Protecting endangered orchids on a Urana TSR


By Shanna Rogers - Wild Orchids Project                               
Senior Land Services Officer P: 02 6051 2241 | M: 0457 733 261 | E:

Oaklands donkey orchid flowers Murray LLS TSR Ranger Roger Harris with one of the endangered Oaklands Donkey orchids growing up through a mat-rush

A recently discovered population of the Oaklands Donkey orchid (Diuris callitrophilla) has been protected from grazing stock at a TSR near Urana.

The Oaklands diuris or Oaklands donkey orchid is listed as Endangered in NSW. Fewer than 1,000 plants are believed to exist in the wild.

“Geoff Robertson, Senior Threatened Species Officer, DPIE and I discovered a single flowering orchid on the TSR in 2017, whilst looking for potential orchid translocations sites for the Wild Orchid Project. However, due to the dry conditions, no plants emerged in 2018 and 2019,” said Natasha Lappin, Murray LLS Wild Orchids Project Officer.

“In November 2020, we found at least 250 flowering plants at the site, and similar numbers were recorded at the site this season.”

This site is the fourth known population of the orchid, which is only found in open grassy white cypress pine woodlands on light sandy soils between Urana and Oaklands.

Oaklands Donkey orchids are stunning with multiple white, mauve or purple flowers on a single stem. The flowers are slightly fragrant, and the flowering stem can reach as high as 50 cm. Flowering occurs in November, and pollination occurs via food deception, with native blue-banded bees (Amegilla sp.) attracted to the flowers because of their superficial resemblance to other nearby plants (such as chocolate lilies) that provide nectar and pollen.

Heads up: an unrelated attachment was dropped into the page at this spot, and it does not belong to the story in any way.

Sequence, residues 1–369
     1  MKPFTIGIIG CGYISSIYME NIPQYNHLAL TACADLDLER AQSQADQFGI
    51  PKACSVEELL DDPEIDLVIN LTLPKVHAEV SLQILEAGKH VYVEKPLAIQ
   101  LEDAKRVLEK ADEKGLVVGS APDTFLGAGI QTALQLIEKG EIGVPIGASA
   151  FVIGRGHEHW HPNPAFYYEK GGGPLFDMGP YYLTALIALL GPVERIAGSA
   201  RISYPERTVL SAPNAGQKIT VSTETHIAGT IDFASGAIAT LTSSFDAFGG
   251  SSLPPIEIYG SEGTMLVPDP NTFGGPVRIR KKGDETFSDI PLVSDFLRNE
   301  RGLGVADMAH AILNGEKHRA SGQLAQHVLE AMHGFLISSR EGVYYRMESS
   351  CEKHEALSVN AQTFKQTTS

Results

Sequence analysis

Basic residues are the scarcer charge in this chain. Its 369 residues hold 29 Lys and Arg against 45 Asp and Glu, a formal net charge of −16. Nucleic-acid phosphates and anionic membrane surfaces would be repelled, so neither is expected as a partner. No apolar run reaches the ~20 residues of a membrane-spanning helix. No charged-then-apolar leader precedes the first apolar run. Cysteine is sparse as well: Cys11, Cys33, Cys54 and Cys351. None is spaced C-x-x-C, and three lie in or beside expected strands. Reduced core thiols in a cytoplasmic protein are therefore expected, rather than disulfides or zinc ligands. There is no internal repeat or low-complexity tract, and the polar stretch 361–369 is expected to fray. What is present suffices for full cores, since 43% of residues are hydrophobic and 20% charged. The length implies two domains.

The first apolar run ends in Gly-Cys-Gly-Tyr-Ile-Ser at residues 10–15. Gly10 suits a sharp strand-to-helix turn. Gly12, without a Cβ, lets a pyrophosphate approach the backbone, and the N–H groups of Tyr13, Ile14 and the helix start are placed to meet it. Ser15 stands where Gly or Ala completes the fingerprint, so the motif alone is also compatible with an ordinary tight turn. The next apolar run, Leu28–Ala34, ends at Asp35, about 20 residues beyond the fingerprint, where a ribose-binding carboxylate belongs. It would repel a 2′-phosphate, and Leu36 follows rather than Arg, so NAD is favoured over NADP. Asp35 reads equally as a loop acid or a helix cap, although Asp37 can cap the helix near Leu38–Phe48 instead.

“The discovery of the fourth known population of the endangered orchids on the TSR was significant. The reserve regularly receives grazing stock, and we realised we needed to protect the orchid from stock mainly when the orchid is flowering,“ explained Roger Harris, TSR Ranger.

This population has now been protected from grazing stock by fencing installed by Parklands Albury Wodonga to protect the orchid during flowering and seed setting from October to December.

Activities to help wild orchids and their habitat include:

  • Avoid soil disturbance – a key threat to orchids is inadvertent damage from track maintenance (vehicle, bike, and walking tracks).
  • Weed control – annual exotic grasses, St John’s wort, and gazania, will out-compete native orchids.
  • Manage herbivores – newly germinated orchids are easily grazed out by native and introduced herbivores (rabbits, feral goats, kangaroos, livestock).
  • Avoid collecting wild orchid flowers or plant material – please admire and take photos of wild orchids without picking flowers, digging up tubers, or disturbing orchids and their habitat.

Murray Local Land Services supports the Wild Orchids Project through funding from the NSW Environmental Trust.

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